Evers says everything is on the table
September 24, 2018
[Madison, WI] — When you hear a bureaucrat saying tax increases are going to be “reasonable,” run for cover. Last week, Tony Evers told Wisconsin voters that he’s open to a variety of tax increases – including on property taxes, income taxes, and gas taxes. While Scott Walker has fought for hard-working taxpayers and cut taxes by over $8 billion during his time in office, Evers is all but promising Wisconsin families that they can expect higher taxes if he’s elected this fall.
Read more about Tony Evers tax-hiking plans here, or find excerpts below:
Tony Evers’ Tax Increase Ideas: Shifting ‘Priorities’ Or ‘Recipe For Economic Disaster’?
M.D. Kittle and Ola Lisowski
September 24th, 2018
Tony Evers wants more money for government – a lot more.
The secretary of the state Department of Public Instruction and Democrat candidate for governor proposes a big infusion of new revenue for everything from education to transportation.
Just how Evers plans to fund it all remains a bit murky, but one thing is certain: Somebody would have to pay for the candidate’s government expansion plans.
During his annual State of Education Address at the Capitol Thursday, the public education chief laid out his plan to increase education spending by $1.4 billion in the next biennial budget, which would follow Republican Gov. Scott Walker’s historic investment in K-12 education, which boosted spending by $639 million in the current two-year budget.
Afterward Evers took – and seemed reluctant to answer – a flurry of questions from Capitol reporters, including MacIver Institute’s Ola Lisowski. How would Evers pay for it all?
Yet to be determined, according to the candidate.
“There’s no definite plans at this time,” Evers said. He went on to insist, “Anything is on the table.”
Based on his public statements, anything could include a hefty gas tax. He’s open to 33 cents a gallon, but Evers shrugged off claims by Walker’s campaign that the Democrat would hike the state’s gas tax by as much as a buck a gallon.
The Walker campaign ad asserts Evers would raise various taxes. Evers again didn’t disabuse anyone of that notion during Thursday’s press gaggle.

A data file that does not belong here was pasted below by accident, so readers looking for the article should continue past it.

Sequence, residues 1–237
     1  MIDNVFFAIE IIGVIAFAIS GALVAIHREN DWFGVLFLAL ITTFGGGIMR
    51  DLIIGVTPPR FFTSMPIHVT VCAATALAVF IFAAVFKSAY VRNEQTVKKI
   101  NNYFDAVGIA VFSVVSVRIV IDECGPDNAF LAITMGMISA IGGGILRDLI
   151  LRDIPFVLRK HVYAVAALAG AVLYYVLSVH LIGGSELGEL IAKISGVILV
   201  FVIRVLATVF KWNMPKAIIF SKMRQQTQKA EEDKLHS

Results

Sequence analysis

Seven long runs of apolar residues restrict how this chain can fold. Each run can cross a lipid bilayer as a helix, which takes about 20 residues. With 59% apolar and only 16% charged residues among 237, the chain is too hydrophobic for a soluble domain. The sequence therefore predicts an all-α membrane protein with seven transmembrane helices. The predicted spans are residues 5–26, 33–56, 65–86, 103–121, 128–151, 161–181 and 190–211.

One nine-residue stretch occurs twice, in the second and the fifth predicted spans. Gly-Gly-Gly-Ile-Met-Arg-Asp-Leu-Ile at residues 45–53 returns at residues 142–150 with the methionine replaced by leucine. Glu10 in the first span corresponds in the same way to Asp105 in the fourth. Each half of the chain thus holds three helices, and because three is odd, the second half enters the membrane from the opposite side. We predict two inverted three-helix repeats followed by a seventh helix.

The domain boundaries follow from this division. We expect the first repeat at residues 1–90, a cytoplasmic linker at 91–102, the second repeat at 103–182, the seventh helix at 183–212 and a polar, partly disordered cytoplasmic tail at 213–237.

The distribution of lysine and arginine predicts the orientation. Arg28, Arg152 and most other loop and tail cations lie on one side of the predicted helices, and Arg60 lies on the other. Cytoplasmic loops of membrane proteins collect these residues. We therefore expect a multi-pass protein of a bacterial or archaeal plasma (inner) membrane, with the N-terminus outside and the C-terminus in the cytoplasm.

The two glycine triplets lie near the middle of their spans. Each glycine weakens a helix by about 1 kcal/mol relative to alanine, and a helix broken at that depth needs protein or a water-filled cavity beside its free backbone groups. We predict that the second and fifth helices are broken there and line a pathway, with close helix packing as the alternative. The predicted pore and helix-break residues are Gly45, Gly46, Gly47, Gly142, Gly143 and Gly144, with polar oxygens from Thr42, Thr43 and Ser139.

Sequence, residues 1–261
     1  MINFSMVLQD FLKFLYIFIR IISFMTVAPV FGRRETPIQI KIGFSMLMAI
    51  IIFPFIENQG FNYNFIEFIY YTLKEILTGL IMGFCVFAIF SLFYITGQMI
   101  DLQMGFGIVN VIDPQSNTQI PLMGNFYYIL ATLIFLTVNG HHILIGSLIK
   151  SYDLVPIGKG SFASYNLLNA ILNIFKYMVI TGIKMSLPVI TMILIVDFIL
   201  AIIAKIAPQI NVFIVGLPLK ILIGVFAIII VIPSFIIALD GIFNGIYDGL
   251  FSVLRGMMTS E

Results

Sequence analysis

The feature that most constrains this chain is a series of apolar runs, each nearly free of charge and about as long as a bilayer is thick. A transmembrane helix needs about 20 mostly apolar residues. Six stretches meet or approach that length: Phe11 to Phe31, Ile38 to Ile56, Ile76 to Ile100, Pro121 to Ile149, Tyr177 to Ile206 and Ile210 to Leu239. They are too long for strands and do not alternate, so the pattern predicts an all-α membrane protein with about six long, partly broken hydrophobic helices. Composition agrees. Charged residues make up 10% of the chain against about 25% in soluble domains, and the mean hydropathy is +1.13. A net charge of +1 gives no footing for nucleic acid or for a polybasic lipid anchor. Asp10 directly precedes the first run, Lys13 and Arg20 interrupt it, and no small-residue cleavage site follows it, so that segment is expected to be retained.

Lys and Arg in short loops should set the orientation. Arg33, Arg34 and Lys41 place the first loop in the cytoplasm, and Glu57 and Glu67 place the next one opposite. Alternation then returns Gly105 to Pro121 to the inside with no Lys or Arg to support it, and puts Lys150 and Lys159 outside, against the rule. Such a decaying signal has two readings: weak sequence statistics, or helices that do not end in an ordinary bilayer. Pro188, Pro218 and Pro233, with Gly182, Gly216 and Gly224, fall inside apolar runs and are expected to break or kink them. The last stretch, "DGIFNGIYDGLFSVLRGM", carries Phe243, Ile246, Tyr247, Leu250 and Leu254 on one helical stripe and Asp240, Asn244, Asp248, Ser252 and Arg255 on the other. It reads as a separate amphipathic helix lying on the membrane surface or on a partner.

Evers said he is considering a broad range of possible tax hikes, “shifts,” and “revenue enhancements” to pay for transportation.
Property taxpayers could be looking at higher bills for the first time in several years under Evers’ latest education budget proposal, which includes a 10 percent spending increase. That would be on top of the $636 million in additional ed spending Walker built into the state’s current two-year budget.
While he insists his goal is to “keep taxes reasonable,” Evers is drawing from the old redistributionist handbook. In short, higher taxes for higher earners in the pursuit of lifting the tax burden off of Wisconsin’s middle class, Evers insists.
But what Evers leaves out in his class warfare rhetoric is the number of small business owners that would be hit by higher income taxes. So-called “pass-through” businesses are taxed at the individual tax rate, not at the corporate rate.
“Again, small business people and small farmers in this state hardly make enough money to be considered wealthy and to be in any kind of a major tax bracket,” Evers told reporters Thursday. “We have to prioritize our taxation policies so that we benefit the small business owners and the people of Wisconsin that are hard-working and can barely just get by.”
If small businesses are a priority, higher income taxes on pass-throughs would seem a contradiction.
The Tax Foundation notes that these sole proprietorships, S corporations, and partnerships make up the vast majority of businesses in the United States and more than 60 percent of net business income. Pass-through businesses account for more than half of the private sector workforce.
A study by the University of Wisconsin-Madison’s Center for Research on the Wisconsin Economy found more than 42,000 jobs were created between 2013 and 2016 thanks to the Manufacturing and Agriculture Credit. More than 88 percent of tax credit recipients were small businesses, with incomes less than $1 million.
Scott Manley, senior vice president of Government Affairs for Wisconsin Manufacturers & Commerce, said raising taxes and eliminating job-creating tax credits is a “recipe for economic disaster and failure.”
“It would be difficult to design a better blueprint to ruin Wisconsin’s economy than what Tony Evers is proposing right now,” Manley said.
Read the full story here.